“The collection for the saints” (1 Cor. 16:1), is from logeuo (not lego) and Deissmann (Bible Studies, pp. 142ff, 219f) shows that this word indicated a special collection for religious, military, or other purposes. It can not rightly be said to mean “put your money under the bed at home.” Of course, Paul corrects such a concept when he adds, “that no collections be made when I come” (v. 2b). Some have argued that this only authorizes gatherings for needy saints, and I would have to agree that this is the special purpose of the collection under consideration here. But we can prove churches gathered funds for other purposes (Phil. 4:15; 2 Cor. 11:8), and in the absence of further instructions as to how these collections were to be made, we believe it is safe ground to use the method described in 1 Corinthians 16. If not, why not? When brethren say this is the only purpose for church collection, they are ignoring the many other functions of saints collectively, which need funding.
How much should a saint place in the church treasury? “Each one . . . as he may prosper,” and, “as he hath purposed in his heart: not grudgingly, or of necessity,” says Paul (1 Cor. 16:2; 2 Cor. 9:7). But the questions continue: (1) Must one do all his giving via the church treasury? No! When one has given self to the Lord (8:5), obligations both individual and collective will be met. The care of one’s own is an obligation with spiritual overtones (1 Tim. 5:8,16), and must be met with a portion of one’s substance. There are individual obligations to assist teachers of the word (Gal. 6:6; 3 Jn. 5-8). (2) How can one determine the required contribution? By determining the need, measured by vision and use made of the church treasury. Church treasuries process more funds as the members are converted to greater works for the Lord. The greater the knowledge of and confidence in the work, the greater will be the contribution. But church treasuries are not for “saving,” they are for spending rightly.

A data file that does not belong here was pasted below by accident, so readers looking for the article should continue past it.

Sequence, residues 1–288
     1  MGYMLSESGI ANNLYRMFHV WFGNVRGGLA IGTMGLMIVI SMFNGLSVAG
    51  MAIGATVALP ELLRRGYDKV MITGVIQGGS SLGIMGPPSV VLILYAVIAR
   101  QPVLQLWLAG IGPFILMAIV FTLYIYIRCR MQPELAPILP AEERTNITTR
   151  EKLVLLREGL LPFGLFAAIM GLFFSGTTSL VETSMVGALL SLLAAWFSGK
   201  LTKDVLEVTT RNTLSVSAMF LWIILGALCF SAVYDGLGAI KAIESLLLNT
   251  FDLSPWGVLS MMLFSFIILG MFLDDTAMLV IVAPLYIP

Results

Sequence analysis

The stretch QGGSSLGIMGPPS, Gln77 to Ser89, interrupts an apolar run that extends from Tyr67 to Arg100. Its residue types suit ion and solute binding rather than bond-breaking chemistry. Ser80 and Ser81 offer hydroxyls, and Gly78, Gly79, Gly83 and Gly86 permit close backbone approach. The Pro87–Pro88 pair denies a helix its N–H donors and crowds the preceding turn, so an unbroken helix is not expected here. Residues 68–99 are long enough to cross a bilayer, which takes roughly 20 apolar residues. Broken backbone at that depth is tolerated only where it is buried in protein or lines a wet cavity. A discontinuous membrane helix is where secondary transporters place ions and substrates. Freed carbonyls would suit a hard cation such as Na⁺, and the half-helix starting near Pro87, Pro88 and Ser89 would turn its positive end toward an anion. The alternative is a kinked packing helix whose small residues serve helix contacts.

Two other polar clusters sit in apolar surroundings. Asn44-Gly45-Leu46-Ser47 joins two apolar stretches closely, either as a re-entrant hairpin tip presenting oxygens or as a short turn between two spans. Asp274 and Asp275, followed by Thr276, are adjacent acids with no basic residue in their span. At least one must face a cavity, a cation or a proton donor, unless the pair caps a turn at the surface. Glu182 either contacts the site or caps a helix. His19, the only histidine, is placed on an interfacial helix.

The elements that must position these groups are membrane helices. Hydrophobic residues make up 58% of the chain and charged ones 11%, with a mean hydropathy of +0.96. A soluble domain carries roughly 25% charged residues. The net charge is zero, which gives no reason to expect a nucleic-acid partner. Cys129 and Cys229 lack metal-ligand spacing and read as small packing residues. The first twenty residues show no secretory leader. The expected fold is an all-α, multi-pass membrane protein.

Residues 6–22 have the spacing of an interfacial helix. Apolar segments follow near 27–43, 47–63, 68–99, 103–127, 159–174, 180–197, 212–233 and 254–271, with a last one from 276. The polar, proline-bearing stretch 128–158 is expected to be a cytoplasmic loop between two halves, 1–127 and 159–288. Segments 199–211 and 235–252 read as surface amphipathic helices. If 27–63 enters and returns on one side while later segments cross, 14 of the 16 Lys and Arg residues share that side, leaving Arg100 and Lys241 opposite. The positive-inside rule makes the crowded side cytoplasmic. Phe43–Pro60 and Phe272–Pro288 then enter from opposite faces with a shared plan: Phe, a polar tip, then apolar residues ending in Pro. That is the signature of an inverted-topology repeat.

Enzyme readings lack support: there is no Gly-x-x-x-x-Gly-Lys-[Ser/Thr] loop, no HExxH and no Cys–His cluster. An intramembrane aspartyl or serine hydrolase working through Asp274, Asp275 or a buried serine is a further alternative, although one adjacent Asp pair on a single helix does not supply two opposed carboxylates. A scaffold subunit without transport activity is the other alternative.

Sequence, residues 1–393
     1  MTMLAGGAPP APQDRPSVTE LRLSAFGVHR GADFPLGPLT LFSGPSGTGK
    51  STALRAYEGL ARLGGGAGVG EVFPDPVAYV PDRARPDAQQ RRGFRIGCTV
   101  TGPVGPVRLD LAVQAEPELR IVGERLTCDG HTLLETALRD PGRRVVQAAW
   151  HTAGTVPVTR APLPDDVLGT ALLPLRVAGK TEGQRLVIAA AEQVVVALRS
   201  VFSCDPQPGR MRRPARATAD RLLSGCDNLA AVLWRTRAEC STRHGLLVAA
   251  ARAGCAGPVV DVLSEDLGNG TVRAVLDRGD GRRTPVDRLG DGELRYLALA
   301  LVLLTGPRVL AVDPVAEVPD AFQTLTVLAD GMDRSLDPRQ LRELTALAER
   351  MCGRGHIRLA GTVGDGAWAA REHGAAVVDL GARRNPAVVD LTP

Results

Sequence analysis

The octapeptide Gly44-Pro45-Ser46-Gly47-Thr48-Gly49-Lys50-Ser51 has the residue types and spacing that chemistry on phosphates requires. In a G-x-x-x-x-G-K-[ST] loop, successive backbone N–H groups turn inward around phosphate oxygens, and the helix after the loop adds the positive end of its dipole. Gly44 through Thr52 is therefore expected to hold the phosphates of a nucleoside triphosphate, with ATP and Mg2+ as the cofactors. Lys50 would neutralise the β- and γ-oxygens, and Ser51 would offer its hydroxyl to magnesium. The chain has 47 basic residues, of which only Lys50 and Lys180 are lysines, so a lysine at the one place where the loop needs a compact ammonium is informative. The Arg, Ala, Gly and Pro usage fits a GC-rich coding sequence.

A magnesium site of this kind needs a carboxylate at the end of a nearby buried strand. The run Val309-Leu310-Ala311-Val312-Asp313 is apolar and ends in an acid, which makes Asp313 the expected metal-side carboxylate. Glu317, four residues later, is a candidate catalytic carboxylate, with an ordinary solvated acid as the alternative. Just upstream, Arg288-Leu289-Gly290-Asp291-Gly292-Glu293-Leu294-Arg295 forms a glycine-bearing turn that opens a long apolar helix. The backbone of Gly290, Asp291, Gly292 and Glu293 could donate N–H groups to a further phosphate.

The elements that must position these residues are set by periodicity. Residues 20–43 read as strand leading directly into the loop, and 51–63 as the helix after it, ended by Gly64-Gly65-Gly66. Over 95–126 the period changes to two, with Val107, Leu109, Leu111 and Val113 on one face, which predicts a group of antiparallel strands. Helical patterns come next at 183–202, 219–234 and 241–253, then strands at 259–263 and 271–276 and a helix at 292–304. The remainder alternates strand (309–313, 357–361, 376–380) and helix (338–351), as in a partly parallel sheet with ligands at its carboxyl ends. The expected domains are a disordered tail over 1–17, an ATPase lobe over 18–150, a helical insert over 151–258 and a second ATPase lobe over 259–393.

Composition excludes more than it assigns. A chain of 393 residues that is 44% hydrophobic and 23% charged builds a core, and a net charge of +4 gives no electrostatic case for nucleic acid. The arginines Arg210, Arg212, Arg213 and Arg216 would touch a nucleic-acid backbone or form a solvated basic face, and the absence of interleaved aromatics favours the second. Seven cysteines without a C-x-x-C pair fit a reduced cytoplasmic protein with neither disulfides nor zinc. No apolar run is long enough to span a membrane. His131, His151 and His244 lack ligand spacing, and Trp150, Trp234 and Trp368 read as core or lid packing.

I once had a man bring me his personal budget: salary, rent, payments, etc., and ask me to tell him exactly how much he should give to the Lord. I asked if he believed in visiting the sick, and he said he did. I asked, “How many times per week? “Till fifty visits?” He thought that would be exceptionally fine. So, the punch line: “you have made your fiftieth visit, and are coming home late Saturday afternoon, when you learn of a brother in great need. Is it right to say, ‘Hang on brother, I’ll put you on next week’s list? If you have the means of helping him then, is not this your duty and privilege?” He decided it was, and his question was answered. Love for God and “neighbor” are not parceled out by dollars. The set of the heart determines our giving, to God and to man.
Guardian of Truth XXX: 15, pp. 486, 505
August 21, 1986